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Eugene E Habiger

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NEWS
June 17, 1999 | BOB DROGIN, TIMES STAFF WRITER
Under intense pressure to act more aggressively to plug leaks and tighten security at the nation's nuclear weapon facilities, Energy Secretary Bill Richardson named a retired four-star Air Force general as the department's first "security czar"--only hours after meeting him Wednesday. Gen. Eugene E. Habiger, who last served as commander in chief of the U.S.
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NEWS
June 17, 1999 | BOB DROGIN, TIMES STAFF WRITER
Under intense pressure to act more aggressively to plug leaks and tighten security at the nation's nuclear weapon facilities, Energy Secretary Bill Richardson named a retired four-star Air Force general as the department's first "security czar"--only hours after meeting him Wednesday. Gen. Eugene E. Habiger, who last served as commander in chief of the U.S.
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NEWS
January 10, 2000 | From the Washington Post
After holding off for nearly two months, Energy Secretary Bill Richardson has sent Congress his plan for a new, semiautonomous agency to run his department's nuclear weapons programs. The plan sent Friday calls for the director of the new National Nuclear Security Administration, who will also serve as an undersecretary of Energy, to be appointed and confirmed by March 1.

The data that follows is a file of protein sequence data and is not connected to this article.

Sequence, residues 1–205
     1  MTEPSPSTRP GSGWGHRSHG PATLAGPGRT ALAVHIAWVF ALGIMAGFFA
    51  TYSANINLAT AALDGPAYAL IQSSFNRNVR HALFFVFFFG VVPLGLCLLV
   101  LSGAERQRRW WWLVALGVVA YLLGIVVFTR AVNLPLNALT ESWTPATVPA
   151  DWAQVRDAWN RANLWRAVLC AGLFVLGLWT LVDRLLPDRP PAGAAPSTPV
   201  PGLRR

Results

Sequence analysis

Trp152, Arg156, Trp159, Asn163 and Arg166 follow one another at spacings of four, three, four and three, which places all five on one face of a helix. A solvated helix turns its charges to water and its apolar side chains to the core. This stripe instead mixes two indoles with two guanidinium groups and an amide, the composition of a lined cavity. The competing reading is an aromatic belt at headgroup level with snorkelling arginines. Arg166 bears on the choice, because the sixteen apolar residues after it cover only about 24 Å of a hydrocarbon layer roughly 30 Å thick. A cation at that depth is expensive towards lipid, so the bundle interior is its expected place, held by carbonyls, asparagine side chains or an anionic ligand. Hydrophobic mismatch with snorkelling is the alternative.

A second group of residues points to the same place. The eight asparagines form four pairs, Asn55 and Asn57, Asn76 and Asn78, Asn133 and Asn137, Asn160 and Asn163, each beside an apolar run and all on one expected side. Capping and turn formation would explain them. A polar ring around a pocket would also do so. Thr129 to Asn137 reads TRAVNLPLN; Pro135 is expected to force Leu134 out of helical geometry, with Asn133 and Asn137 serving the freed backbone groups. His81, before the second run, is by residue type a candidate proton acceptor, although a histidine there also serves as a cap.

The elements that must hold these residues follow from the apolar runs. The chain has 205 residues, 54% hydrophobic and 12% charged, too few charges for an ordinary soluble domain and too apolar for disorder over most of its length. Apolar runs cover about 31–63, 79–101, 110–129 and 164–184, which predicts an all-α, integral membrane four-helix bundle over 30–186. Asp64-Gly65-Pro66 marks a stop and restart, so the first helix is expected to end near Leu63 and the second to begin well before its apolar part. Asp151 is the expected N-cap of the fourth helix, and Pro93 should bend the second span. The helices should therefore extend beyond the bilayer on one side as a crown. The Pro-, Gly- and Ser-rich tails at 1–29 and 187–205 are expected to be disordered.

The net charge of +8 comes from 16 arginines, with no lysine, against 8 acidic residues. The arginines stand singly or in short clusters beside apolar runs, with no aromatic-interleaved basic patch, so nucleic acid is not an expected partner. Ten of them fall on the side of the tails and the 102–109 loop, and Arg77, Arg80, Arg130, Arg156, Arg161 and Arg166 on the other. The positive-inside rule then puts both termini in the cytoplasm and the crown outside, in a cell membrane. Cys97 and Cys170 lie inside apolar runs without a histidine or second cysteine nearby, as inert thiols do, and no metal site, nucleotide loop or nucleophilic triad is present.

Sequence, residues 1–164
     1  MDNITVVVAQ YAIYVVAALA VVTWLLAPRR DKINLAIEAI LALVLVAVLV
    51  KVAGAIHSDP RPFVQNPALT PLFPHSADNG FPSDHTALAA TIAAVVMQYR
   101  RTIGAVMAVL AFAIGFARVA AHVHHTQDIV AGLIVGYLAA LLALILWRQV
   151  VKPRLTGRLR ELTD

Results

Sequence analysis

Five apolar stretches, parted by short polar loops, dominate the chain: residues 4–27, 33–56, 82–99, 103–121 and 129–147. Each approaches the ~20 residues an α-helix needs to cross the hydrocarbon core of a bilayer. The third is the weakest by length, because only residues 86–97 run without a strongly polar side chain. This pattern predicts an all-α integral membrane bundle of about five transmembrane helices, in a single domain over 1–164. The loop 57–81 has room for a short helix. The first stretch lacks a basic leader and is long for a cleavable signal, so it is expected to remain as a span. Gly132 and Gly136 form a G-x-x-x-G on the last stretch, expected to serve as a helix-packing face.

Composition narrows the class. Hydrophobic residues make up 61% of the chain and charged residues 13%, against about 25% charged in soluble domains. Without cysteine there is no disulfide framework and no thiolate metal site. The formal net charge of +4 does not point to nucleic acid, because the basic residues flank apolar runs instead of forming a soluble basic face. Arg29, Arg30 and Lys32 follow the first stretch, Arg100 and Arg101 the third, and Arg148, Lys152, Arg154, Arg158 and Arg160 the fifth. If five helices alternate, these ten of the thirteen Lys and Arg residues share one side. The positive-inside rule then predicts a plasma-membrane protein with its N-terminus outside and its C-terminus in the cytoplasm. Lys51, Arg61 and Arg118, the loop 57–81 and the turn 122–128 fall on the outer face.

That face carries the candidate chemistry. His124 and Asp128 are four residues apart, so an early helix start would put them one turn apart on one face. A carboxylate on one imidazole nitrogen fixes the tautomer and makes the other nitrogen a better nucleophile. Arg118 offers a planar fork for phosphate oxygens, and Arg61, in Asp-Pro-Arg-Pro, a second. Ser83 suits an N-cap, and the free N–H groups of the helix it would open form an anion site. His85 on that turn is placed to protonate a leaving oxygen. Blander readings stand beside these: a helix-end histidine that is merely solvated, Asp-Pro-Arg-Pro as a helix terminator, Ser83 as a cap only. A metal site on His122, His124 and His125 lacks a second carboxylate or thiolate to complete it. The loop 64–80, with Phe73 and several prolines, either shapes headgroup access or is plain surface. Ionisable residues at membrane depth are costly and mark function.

NEWS
June 13, 2000 | BOB DROGIN, TIMES STAFF WRITER
Two highly classified computer hard drives containing nuclear weapons data have disappeared from a vault in the heavily guarded weapons design division at the Los Alamos National Laboratory, officials said Monday. The disclosure marks another severe embarrassment for the Department of Energy, which owns the New Mexico lab, and for the University of California, which manages it. Critics in Congress and elsewhere long have accused the lab of lax handling of national security secrets.
WORLD
May 25, 2002 | PAUL RICHTER, TIMES STAFF WRITER
The U.S.-Russian strategic arms deal signed Friday in Moscow has won praise around the globe, yet the agreement says nothing about a class of atomic weapons that experts believe poses the greatest threat: the smaller devices called tactical nuclear weapons. Thousands of these arms are scattered throughout Russia, in the form of missile warheads, artillery shells, aircraft bombs and land mines.
NEWS
June 14, 2000 | BOB DROGIN, TIMES STAFF WRITER
The Los Alamos National Laboratory suspended six managers and senior scientists Tuesday as part of a widening criminal investigation into the disappearance of two computer hard drives filled with nuclear weapon secrets, Energy Department officials said. Among those placed on leave with pay is the director of the lab's Nuclear Emergency Security Team, a little-known group that assists the FBI in investigations of terrorist threats involving nuclear weapons, officials said.
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